We hope to see you there!

Tuesday, October 14, 2014

Dare you plumb the depths of public domain horror?


Halloween is rapidly approaching (only 17 days away!) so our patrons are understandably checking out loads of horror films. [On a personal editorial note, I find it fantastic that there is an entire month dedicated to fear.] We've previously covered our horror collection on Pinterest, which is still the best resource for finding the various scary movies in our collection.

But what if you want to dig deeper? For the hardcore horror aficionados – as well as anyone who wants to get a good horror movie without leaving their dorm – we wish to direct your attention to Horrortheque.

Horrortheque collects public domain horror movies (essentially, ones for which the copyright has lapsed) and provides videos of them where available. Many films released in the 1930s or earlier have entered the public domain, but others as recent as the 1980s are also freely available. Some of them, like Nosferatu and The Cabinet of Dr. Caligari, are stone-cold classics. Horrortheque grabs many of its videos from public YouTube uploads, many of which have been removed, so their availability within the site is a little iffy. But once you have the names, they should be readily accessible via a quick Google search.

This is a fun site for horror enthusiasts and film history buffs looking for something seasonal that's a little less trodden. The public domain overflows with of all sorts of film oddities, and there's perhaps no better time to dive in than during a holiday about the mysterious and scary.

Monday, October 13, 2014

Get to know Docuseek2, now with new films!


Have you visited Docuseek2 lately? Do you know about Docuseek2? They've put up a whole slew of new content, so now is a good chance to introduce (or reintroduce) you to one of our most exciting streaming video partners. Docuseek2 streams films produced by Icarus Films and Bullfrog Films, two major distributors with a reputation for high-quality documentaries.

We recognize that large streaming video databases can be a little hit-or-miss sometimes, but Docuseek2 is special. Every film is worth watching. We certainly consider many of the films in Docuseek2 – including The Age of Stupid, King Corn, Detropia, and Goodbye Mubarak! – to be among the best in our collection. All of this is free to access if you are American University student, staff, or faculty. We always encourage you to explore our streaming video resources, but consider Docuseek2 a first stop for video in your research and instruction.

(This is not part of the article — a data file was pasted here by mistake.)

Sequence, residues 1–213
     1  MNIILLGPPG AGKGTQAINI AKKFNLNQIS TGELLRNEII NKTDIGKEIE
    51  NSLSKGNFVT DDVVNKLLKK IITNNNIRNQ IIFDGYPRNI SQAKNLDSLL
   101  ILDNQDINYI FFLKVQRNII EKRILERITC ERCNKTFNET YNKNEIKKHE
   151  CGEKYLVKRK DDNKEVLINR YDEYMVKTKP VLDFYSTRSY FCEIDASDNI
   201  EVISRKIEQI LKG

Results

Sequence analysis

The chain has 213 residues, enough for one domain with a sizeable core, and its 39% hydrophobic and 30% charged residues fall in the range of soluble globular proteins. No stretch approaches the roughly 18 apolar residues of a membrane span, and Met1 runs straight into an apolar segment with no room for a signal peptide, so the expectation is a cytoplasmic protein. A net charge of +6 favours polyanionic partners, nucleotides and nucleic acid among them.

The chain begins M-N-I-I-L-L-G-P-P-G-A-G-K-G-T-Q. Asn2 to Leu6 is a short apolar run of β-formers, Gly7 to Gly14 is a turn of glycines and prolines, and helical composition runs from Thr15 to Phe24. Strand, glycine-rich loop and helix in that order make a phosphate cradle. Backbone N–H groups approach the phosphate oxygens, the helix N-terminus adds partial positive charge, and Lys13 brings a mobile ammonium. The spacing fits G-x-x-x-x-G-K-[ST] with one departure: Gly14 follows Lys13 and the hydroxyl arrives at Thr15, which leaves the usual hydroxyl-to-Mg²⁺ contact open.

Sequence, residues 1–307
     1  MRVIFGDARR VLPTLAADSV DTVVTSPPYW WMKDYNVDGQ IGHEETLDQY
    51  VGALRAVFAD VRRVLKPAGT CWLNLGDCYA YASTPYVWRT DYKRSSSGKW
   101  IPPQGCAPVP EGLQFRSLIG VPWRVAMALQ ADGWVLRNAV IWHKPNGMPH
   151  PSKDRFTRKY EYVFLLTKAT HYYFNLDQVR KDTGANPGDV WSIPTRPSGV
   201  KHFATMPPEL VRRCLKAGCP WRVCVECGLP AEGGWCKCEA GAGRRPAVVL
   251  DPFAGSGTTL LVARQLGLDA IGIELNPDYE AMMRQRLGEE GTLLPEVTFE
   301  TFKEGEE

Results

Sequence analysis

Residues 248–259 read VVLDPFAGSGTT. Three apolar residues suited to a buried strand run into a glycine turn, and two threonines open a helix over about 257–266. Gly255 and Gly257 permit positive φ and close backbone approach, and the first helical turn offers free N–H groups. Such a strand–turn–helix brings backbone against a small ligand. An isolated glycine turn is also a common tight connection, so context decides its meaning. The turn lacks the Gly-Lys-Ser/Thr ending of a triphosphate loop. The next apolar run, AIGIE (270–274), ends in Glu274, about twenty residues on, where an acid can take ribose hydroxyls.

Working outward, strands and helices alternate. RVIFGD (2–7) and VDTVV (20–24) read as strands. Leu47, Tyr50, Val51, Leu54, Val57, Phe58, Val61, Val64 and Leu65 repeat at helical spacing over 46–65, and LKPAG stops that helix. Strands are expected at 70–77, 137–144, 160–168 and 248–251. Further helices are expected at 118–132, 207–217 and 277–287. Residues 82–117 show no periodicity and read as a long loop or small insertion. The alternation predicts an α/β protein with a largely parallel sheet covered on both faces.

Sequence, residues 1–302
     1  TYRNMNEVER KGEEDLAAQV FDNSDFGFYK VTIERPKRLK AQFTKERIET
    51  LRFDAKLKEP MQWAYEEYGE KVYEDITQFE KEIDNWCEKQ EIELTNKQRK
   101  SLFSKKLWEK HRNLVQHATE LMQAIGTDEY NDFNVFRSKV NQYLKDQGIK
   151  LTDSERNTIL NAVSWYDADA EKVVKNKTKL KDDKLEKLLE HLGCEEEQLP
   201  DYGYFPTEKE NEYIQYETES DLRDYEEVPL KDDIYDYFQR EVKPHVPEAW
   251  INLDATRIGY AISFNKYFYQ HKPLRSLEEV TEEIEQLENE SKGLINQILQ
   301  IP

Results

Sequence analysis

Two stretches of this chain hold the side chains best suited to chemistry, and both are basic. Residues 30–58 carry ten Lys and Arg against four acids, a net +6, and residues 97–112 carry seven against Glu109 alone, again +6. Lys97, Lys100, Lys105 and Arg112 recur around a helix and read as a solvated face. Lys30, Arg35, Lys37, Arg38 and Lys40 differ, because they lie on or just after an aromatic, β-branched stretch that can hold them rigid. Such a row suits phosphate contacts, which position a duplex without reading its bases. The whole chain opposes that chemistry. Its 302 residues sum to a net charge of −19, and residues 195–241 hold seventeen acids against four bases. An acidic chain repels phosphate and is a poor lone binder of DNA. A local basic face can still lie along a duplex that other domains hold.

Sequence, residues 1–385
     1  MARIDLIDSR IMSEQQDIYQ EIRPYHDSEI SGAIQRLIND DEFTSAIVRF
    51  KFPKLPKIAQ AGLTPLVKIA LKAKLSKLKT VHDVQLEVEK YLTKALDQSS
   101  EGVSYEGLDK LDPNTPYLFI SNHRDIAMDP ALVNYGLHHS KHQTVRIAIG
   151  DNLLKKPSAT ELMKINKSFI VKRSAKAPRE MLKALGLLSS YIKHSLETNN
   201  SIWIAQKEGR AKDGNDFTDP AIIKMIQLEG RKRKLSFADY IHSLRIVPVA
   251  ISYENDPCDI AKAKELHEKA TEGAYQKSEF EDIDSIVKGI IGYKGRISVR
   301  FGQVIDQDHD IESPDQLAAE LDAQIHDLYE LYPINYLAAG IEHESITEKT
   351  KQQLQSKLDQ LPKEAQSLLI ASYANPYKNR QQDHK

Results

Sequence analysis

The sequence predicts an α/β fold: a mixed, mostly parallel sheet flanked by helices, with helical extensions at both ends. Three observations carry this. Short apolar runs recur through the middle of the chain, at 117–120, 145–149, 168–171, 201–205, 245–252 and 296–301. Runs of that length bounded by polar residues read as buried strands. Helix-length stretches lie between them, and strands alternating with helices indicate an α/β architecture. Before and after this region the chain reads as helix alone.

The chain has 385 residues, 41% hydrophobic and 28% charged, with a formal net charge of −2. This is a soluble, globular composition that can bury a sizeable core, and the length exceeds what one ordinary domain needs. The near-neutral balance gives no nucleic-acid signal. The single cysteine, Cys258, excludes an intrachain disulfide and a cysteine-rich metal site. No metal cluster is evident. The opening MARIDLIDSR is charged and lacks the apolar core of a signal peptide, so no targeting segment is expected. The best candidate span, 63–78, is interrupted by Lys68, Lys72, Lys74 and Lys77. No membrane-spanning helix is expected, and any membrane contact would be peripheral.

Docuseek2 is continuously adding new titles, and American University just gained access to a whole slew of them, like Nanjing, Code Gray, and How Putin Came to Power. You can see highlights from their newest acquisitions on their New Releases page (though several of these may not yet be available via American University's subscription).

This is definitely one of the best video resources accessible through the AU Library. We're very proud of our physical collection, but we also can't wait to see where Docuseek2 grows from here. Seriously consider looking into the new items in their streaming archives; we're certainly excited!

Tuesday, October 07, 2014

Read the Music Library's review of Minor Threat Live

Our collection has a healthy number of films about music, musicians, and the music industry, so we like to collaborate with our friends over in the Music Library to promote them. Jesse, one of the student workers in the Music Library has been reviewing some of our music DVDs; last week he wrote about our compilation of Minor Threat performances from the 1980s in and around DC (HU DVD 4394).

We'll let Jesse's review speak for itself. Head over to the Music Library blog and see what he has to say about Minor Threat and the role of their show in the history of the DC hardcore punk scene.

Monday, October 06, 2014

"I've got good news!" Twin Peaks will triumphantly return in 2016

We usually don't like to comment on ultra-recent entertainment news, but we make exceptions for stories as big as the return of Twin Peaks. Co-creators David Lynch and Mark Frost announced today that the cult classic, which enraptured and infuriated a generation that later tried to warn everyone about Lost, will return in 2016 for a limited third season. Laura Palmer warned viewers at the end of the original series that they'd see her again in 25 years, and it looks like that prophecy has come to pass.

Even decades after the end of the show and the release of its equally confusing film adaptation, Twin Peaks remains a touchstone for serialized television and the template from which True Detective, The X-Files, Fringe, and many similar shows emerged. Fans and casual viewers have misgivings about the second season, which took a dip in quality after David Lynch's departure, but any additional Twin Peaks is frankly a blessing.

Two years is a while to wait, but we figure that's long enough to relive the original run of Twin Peaks in real-time. We have both seasons (HU DVD 14069 - 14070) and the movie spinoff, Fire Walk with Me (HU DVD 5760). If you watch an episode ever other week, that should carry you over for a while.

Meanwhile...

Thursday, October 02, 2014

Tiananmen Square documentaries provide context for current Hong Kong protests